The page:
Some of the best-positioned people to help grow news media revenue may be sitting nearby.
They are journalists.
Journalists are creative, learn fast, consume a lot of information, interact with a variety of people, keep good notes and understand to be good they must keep learning and growing.
And yet, they don’t necessarily see themselves in advertising or media sales positions when they start looking for a new challenge. They often skip over sales positions, which can be lucrative, engaging, rewarding and financially support the very institutions they have spent time working for in other capacities. Some don’t see how their skills can transfer to media sales even with proper training and opportunity.
Taking the time to recruit, train and retain former journalists may provide an additional pipeline of knowledgeable media sales professionals that many organizations need as news companies seek to improve and create more revenue streams.
Related Training: Entrepreneurial Journalism Training Package
A recent review of media sales and advertising openings on LinkedIn and Indeed found more than 25,000 job postings this summer. The same search on Journalismjobs.com, a site more narrowly focused on media jobs, found more than 300 sales and advertising open positions posted (Editor’s note: Poynter is also hiring a sales contractor). If you’re a journalist or media worker seeking a new direction or want to transition into media sales, here are some steps you can take to increase your chances of success:
Learn to sell. You will be providing a product or service that helps a business. Read books on the sales cycle and understand you may need to knock on 100 doors to get one yes. Can you ask consultative, probing questions to get to the heart of how your solution might be able to help solve a problem?
Learn the company’s products. Make sure you understand their features, operations and can briefly explain to someone else how they work. If you are creating those products in a production or journalism role, you may already know those products. This will be key if you are selling sponsorship or advertising on those products; it’s also key if you sell media products.
Learn key industry terms and trends. Check out the IAB media sales information, even if you don’t decide to sit for the certification test. The information is valuable and helpful.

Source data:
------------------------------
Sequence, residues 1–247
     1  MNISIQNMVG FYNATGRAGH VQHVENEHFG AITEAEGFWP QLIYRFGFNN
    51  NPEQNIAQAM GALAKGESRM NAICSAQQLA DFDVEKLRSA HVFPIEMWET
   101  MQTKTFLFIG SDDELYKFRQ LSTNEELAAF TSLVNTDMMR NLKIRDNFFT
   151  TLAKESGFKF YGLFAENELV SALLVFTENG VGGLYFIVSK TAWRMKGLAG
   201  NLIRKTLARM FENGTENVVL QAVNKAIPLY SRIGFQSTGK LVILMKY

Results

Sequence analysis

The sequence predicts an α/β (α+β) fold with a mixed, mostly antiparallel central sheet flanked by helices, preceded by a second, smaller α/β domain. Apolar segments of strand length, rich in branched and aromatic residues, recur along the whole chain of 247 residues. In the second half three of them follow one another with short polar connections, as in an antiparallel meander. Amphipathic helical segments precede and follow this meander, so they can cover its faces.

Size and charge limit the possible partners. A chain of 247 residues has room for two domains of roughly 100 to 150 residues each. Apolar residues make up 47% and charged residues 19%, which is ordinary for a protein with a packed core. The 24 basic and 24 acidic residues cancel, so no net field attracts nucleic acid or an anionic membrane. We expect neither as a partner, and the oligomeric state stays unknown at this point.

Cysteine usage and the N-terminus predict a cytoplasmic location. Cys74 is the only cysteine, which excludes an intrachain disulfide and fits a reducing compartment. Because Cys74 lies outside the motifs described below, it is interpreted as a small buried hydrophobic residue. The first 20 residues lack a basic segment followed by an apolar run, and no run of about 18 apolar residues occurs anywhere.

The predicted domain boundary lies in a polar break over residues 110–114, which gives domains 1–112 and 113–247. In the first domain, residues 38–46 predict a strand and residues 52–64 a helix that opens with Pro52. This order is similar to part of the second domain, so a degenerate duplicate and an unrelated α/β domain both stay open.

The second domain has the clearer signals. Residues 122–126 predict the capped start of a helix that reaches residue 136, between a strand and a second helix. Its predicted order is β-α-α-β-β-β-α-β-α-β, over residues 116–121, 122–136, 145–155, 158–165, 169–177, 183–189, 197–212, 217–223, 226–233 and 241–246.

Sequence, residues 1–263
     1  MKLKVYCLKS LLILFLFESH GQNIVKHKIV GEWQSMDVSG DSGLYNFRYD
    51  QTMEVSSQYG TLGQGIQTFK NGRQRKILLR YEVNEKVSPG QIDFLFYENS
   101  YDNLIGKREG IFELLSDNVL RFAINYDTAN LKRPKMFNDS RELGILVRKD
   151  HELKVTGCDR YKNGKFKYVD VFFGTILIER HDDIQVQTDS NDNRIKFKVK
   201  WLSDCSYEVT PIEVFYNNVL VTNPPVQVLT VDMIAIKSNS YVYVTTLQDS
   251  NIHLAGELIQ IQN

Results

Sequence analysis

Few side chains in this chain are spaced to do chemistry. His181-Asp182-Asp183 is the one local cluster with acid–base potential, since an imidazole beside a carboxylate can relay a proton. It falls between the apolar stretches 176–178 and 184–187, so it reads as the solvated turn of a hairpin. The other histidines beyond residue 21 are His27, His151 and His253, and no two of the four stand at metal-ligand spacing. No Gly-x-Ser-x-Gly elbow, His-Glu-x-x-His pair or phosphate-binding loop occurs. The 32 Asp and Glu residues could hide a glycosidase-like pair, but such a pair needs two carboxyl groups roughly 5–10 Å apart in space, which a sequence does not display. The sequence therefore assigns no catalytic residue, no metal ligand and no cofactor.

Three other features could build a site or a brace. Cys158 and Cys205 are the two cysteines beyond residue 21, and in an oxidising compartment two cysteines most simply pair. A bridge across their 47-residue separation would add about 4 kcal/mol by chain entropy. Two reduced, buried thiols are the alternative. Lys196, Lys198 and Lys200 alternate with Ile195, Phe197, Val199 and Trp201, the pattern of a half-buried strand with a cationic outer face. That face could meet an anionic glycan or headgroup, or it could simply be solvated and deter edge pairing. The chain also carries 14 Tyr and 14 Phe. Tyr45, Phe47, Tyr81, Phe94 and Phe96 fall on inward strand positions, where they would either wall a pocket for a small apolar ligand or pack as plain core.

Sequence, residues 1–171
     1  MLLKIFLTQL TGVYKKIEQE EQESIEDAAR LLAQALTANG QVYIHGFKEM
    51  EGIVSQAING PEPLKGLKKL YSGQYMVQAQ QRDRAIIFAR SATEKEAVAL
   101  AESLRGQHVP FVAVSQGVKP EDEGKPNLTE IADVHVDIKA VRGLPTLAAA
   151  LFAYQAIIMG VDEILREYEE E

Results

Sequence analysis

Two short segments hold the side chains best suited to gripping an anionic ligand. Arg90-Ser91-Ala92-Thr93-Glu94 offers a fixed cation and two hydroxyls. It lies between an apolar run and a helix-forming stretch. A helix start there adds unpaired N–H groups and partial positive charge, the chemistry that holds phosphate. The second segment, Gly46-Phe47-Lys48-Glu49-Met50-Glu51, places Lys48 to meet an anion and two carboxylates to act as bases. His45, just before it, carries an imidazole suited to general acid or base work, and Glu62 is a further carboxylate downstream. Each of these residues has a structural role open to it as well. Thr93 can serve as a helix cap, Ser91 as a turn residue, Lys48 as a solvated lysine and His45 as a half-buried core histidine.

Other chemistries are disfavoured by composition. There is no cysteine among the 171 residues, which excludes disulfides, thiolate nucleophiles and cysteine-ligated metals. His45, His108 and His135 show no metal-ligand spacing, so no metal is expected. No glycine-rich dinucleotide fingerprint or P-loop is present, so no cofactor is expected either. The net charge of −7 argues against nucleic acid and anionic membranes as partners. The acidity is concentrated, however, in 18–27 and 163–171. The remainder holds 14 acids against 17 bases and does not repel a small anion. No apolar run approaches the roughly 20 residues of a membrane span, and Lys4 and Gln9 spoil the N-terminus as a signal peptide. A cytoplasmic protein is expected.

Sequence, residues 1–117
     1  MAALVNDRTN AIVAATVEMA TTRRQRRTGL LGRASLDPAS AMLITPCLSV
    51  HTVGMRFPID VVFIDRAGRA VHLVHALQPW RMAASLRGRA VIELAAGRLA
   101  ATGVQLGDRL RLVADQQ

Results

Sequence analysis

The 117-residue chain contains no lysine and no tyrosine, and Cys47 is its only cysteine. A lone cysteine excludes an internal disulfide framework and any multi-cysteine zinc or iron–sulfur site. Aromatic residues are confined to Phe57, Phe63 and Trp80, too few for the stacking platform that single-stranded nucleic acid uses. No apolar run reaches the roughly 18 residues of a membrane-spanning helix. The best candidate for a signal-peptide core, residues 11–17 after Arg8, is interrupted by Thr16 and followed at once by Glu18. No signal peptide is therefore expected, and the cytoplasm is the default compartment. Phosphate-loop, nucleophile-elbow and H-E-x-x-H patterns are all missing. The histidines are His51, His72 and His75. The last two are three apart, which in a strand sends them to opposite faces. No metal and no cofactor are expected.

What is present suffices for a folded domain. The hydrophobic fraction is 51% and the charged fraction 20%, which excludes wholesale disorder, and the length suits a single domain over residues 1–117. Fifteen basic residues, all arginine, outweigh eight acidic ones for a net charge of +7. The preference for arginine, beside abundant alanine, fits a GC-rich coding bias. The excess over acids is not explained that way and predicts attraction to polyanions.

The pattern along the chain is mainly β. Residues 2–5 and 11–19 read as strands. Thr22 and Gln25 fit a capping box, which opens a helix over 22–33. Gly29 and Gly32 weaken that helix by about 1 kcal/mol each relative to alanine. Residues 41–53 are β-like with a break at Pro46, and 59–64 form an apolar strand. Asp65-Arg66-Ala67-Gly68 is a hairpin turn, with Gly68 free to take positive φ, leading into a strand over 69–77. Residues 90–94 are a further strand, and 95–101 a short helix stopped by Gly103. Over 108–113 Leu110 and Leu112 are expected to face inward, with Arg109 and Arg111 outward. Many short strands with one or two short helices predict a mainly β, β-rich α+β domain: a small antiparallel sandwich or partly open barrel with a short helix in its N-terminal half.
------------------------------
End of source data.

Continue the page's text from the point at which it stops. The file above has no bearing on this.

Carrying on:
Get a sales mentor. It’s never too late to get a mentor – even someone with less industry experience. Tell them what you are trying to do and ask if they’d talk with you once a week on Facetime or some video conference platform or you could go ‘old school’ and grab weekly coffee. And remember mentorship is a two-way relationship. What might you be able to help the person with who you are asking to invest in you?
Network. This is something most journalists can do in their sleep. Joining a group of sales professionals can help you connect with others in the industry and those doing sales for other businesses. Meetups are among the various places a potential media sales person can go and meet other sales professionals to strengthen one’s skills and network.
Understand your communication strengths and weaknesses. Do you have strong writing and social media skills that you can leverage to help you in a potential new position? Think about your positioning in social media and how you can smartly use those tools to help you connect with others as you network, prepare for the transition and ultimately begin to prospect for sales once you are in a sales role.
Evaluate your business image. Are you presenting yourself in person and online in a way that will make financial decision makers want to trust you and spend money with you? Make needed changes.
Be fearless. Don’t be afraid of failure. People will say ‘no’ often when you are selling services, but the successful salespeople push through that. And you may even hear “No,” as you look for this new sales opportunity. Being fearless can lead to new skills and a new direction in your overall career.
Ask for a chance. If you are working in a traditional media role, the easiest way to try out for a sales position is to ask your employer for a job swap for a few weeks or months in another department. That can give you the chance to see sales work up-close and your employer can see whether you’d be a good fit. And honestly, what do either of you have to lose?
Ebony Reed, director of innovation and futures lab at the Reynolds Journalism Institute, is also an associate professor at the Missouri School of Journalism. She leads a lab of practical media experts and teaches classes in management and media sales.